The question of whether the public at large likes Green Porno is settled. Since it debuted online in January last year, Green Porno has gained a cumulative audience of some 5 million unique viewers. The series won two of the coveted Webby awards. Its popularity has been driven by the sort of viral spread that brought it to my attention, each fan infecting the next through blogs and e-mail. The combination of biology with Rossellini’s charisma--as well as the naive charm of Rick Gilbert and Andy Byer’s arts-and-crafty set and costume design--seems to have hit a cultural nerve.

But what about scientists? Do they like seeing their discoveries transformed into sexy art? Following up on Rossellini’s experiment, I undertook one of my own to find out.

What's Ahead

All Illustrations: Katrien Kolenberg

Materials & Methods

Isabella Rossellini donated a dozen free tickets for scientists to attend the 11 September 2009 debut of Green Porno season 3 at the Toronto International Film Festival. Subjects were recruited from a broad range of scientific fields, including astrophysics, zoology, molecular biology, and chemistry. All but three subjects had not been exposed previously to Green Porno, so all were instructed to watch seasons 1 and 2 online. Two nonscientists were included as a control group. The gender ratio of subjects was 50% male, 50% female.

The film debut was to include an onstage conversation between Rossellini and her marine biologist consultant, Claudio Campagna, followed by a public Q&A about environmental conservation. Rossellini said she hoped that the invited scientists in the audience would enrich the public discussion. To enhance their visibility, the author suggested that the scientists could attend the debut in costume. "We could represent the biological diversity of reproductive biology, arriving to the theater as a penis parade," he offered. Rossellini expressed surprise that scientists might be so "eccentric."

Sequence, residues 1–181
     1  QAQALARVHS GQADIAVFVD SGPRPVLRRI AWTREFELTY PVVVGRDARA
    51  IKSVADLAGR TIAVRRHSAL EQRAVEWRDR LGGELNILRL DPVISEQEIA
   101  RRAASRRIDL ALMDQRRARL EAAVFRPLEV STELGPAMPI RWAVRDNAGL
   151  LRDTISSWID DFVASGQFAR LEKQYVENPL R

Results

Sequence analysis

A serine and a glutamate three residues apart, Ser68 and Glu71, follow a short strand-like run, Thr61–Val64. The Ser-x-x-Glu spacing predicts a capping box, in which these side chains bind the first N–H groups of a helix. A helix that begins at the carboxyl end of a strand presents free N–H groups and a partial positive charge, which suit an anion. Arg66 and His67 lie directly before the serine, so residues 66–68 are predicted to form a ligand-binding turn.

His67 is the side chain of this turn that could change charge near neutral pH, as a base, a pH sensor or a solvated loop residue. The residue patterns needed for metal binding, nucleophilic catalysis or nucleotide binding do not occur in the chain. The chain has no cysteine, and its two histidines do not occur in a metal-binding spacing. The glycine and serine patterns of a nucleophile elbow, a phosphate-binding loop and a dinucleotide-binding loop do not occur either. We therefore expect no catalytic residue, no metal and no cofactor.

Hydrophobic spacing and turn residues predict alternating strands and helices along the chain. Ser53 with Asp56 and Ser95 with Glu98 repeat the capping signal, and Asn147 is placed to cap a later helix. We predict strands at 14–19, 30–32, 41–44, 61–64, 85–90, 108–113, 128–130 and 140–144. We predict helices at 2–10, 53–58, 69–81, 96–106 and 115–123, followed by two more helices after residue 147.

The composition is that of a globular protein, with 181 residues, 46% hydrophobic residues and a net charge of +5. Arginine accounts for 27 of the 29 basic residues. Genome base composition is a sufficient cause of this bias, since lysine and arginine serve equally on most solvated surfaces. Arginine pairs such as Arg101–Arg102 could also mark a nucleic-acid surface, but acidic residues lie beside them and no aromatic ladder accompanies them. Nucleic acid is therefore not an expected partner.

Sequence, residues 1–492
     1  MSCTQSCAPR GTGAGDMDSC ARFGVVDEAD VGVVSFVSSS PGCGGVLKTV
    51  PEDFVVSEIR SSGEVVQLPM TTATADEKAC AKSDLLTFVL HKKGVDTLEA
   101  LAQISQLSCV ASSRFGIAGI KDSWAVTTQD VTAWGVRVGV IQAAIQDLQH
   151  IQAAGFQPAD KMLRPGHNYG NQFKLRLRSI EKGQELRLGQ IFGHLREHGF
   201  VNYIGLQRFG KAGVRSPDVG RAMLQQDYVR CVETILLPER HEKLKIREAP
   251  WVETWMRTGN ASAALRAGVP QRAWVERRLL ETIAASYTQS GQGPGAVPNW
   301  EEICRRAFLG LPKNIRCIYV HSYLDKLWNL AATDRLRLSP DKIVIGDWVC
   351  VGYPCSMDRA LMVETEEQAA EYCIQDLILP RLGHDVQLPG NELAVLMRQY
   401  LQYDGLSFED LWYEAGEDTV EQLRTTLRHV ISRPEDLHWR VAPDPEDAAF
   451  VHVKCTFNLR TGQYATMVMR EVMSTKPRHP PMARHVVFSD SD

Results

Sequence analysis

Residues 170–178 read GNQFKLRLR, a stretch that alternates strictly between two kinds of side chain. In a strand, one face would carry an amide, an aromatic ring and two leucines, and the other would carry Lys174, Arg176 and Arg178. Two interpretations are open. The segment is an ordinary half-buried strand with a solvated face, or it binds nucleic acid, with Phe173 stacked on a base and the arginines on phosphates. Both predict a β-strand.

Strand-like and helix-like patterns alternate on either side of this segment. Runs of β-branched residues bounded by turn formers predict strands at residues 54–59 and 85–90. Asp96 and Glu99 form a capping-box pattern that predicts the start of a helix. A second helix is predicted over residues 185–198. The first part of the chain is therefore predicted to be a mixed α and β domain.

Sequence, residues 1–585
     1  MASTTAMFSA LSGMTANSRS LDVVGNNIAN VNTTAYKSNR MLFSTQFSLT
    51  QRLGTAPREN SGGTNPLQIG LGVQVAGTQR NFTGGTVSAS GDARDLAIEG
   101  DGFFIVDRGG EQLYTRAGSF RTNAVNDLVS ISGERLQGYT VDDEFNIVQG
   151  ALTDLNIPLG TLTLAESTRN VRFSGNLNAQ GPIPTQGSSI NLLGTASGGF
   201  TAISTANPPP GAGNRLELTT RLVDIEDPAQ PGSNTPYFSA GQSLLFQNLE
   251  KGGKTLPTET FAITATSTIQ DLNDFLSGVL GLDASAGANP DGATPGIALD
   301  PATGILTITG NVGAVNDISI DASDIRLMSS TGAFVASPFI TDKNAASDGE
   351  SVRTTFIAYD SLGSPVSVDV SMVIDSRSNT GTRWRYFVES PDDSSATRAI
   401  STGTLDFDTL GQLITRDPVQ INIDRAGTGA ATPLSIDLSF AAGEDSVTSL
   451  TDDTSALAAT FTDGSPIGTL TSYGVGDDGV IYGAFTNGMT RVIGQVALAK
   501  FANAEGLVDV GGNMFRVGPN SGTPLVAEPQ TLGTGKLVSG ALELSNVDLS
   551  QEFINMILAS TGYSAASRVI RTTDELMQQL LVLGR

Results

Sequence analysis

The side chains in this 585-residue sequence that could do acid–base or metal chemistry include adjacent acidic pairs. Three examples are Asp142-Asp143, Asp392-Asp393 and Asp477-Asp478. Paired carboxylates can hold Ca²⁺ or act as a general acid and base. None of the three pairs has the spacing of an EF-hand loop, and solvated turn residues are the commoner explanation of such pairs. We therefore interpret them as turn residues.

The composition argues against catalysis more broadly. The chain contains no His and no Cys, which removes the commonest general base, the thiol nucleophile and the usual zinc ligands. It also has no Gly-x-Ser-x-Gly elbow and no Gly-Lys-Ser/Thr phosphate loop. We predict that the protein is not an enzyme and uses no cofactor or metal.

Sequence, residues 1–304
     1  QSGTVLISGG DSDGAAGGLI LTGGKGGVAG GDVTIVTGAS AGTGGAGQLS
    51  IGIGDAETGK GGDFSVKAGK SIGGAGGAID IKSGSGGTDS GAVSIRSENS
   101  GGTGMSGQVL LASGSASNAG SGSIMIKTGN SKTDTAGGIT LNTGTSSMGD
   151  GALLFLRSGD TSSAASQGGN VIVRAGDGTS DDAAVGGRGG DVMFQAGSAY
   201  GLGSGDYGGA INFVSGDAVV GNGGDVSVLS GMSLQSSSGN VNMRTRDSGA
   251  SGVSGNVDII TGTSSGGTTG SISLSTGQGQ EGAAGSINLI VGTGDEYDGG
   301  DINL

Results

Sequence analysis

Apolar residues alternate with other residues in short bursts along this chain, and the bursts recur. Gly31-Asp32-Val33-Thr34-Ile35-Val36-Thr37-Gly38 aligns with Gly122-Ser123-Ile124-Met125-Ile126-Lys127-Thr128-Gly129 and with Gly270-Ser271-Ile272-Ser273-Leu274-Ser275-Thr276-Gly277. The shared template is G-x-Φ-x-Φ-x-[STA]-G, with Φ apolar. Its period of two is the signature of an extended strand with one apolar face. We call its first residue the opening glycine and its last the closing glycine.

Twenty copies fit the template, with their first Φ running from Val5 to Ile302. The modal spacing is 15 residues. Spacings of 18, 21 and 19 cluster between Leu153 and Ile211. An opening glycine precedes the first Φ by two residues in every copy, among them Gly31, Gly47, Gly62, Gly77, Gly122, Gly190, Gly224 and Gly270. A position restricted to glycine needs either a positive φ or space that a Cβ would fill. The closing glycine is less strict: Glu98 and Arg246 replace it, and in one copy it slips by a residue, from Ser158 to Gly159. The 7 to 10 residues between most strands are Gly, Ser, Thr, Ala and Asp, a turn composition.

Subjects were informed that they could attend the debut in costume. Five volunteered. A member of the control group, clothing designer Roberta Bielak, assisted in costume design. For a gallery of scientists and their organismic costumes, see supplementary material at www.gonzolabs.org/greenporno.

Results

The scientists arrived at the Green Porno debut in biological promenade. Front-row seats were reserved for them, providing the subjects with an unobstructed view. After an introductory talk by Rossellini, the films were shown.

Season 3 is distinctly different from the previous Green Porno. The first three of the films--grouped under the title "Bon Appétit!"--are twice as long as before, clocking in at 2 to 3 minutes. Rossellini has used the extra time to mix biological puppetry with scenes of cooking in a kitchen and also documentary footage of the fishing industry. And this is the major change. The new Green Porno films now carry an explicit environmental message.